Premature tax hike could hurt Chinese consumer spending
You may call it a move for fairer taxation. Youmay call it a move to facilitate trade. But you cannot sell it as a boon for Chinese consumers, because once the tax rules on online retail goods are changed on April 8, Chinese online shoppers will feel the impact and are likely to think twice about opening their purse strings.
Hence, Chinese policymakers, who are anxious to ensure tax revenues grow fast enough to help cushion the country’s economic slowdown, should be cautioned that raising tax on consumers may prove a Pyrrhic victory.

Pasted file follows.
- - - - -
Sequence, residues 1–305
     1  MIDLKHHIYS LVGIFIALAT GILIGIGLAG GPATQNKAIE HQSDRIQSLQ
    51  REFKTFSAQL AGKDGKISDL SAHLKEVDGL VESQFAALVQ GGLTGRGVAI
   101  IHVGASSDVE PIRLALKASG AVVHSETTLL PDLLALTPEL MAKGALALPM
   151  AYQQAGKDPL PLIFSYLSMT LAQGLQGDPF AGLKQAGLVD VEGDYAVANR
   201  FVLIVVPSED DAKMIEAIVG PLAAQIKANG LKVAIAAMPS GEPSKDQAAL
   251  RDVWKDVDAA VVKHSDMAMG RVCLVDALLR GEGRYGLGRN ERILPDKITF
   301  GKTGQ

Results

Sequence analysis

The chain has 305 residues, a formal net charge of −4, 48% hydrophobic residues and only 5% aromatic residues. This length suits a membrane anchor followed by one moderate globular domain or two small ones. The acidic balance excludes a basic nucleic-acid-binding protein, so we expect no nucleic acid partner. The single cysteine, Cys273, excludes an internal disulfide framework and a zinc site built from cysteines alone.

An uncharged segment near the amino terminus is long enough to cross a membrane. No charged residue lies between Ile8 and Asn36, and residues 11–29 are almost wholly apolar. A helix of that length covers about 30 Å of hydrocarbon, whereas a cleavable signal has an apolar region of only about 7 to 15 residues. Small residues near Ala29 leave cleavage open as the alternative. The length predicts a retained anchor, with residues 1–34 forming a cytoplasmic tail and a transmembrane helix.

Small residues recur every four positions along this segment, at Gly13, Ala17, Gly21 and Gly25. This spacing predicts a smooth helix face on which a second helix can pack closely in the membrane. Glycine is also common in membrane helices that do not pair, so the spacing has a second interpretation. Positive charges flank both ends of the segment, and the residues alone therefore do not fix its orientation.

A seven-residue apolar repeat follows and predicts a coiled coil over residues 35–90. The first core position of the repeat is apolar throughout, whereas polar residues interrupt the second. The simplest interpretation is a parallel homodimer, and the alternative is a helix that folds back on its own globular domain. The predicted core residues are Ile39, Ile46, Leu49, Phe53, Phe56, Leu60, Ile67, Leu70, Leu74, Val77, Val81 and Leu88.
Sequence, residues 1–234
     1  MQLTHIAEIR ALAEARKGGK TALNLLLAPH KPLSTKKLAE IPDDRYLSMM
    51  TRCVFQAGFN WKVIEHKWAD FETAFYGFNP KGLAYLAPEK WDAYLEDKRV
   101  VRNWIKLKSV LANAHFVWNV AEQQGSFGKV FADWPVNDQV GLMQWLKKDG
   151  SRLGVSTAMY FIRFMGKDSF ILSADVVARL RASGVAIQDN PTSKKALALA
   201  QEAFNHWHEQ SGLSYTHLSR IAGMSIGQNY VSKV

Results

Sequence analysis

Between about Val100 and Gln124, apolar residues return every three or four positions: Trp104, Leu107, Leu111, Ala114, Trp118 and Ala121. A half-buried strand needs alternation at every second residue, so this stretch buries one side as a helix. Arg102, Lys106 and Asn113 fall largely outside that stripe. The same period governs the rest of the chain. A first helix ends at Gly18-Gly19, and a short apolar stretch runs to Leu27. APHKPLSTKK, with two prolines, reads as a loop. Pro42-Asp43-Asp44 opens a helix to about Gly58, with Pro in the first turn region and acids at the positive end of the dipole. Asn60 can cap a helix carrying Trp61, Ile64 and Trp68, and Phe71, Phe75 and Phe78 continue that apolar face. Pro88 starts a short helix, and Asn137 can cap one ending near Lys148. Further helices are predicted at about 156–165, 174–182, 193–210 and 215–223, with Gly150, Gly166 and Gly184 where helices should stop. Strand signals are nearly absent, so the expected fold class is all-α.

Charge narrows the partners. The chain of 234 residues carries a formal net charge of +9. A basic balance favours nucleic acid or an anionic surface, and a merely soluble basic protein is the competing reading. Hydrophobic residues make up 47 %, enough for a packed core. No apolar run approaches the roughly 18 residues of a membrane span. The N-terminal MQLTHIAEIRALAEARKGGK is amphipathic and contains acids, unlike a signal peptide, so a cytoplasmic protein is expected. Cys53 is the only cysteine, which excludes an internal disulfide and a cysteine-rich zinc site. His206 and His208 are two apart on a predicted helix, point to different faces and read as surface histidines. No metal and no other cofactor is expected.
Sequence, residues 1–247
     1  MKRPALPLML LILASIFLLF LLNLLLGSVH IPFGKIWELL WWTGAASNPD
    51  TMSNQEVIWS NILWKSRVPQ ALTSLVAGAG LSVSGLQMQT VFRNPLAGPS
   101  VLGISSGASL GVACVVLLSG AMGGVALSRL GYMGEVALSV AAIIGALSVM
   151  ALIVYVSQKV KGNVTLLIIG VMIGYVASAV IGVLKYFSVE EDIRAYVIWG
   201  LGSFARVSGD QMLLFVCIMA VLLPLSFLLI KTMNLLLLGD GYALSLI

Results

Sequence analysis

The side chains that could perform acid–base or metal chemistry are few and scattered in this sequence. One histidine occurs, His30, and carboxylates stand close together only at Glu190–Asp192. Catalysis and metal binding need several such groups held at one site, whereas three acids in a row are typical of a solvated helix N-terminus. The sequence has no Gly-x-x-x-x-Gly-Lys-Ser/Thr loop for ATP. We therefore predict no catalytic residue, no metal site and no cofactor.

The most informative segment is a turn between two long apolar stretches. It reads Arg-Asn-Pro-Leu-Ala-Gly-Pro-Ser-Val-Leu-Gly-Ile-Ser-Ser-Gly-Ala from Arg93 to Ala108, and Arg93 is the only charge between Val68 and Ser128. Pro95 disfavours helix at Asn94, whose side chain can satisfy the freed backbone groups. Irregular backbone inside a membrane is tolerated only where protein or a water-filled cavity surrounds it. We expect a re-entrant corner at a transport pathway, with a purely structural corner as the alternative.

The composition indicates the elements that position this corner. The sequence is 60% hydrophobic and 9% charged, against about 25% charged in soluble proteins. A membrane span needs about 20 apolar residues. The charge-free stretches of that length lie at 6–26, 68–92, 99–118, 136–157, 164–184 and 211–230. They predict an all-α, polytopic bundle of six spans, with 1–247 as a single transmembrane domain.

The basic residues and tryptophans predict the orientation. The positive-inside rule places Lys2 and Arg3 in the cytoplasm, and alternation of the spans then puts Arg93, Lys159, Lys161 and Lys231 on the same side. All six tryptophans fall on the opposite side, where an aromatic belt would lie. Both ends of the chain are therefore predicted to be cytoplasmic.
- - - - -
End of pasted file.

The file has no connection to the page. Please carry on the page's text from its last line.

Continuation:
TheMinistry of Finance announced on March 24 that retail goods purchased online will no longer be classified as “parcels” and enjoy a “parcel tax” rate that is lower than that on other imported goods. Instead, online purchases from overseas will be charged the same as any other imported goods.
Currently, the country levies parcel tax on imported goods worth less than 1,000 yuan ($150), and the rate can be as low as 10 percent. Taxes under 50 yuan are generally waived. As a result, many online purchasing agents have sought to avoid paying higher taxes by repackaging and mailing products separately so they will only be charged the parcel tax, undercutting traditional retailers and importers who have to bear a heavier tax burden on their goods.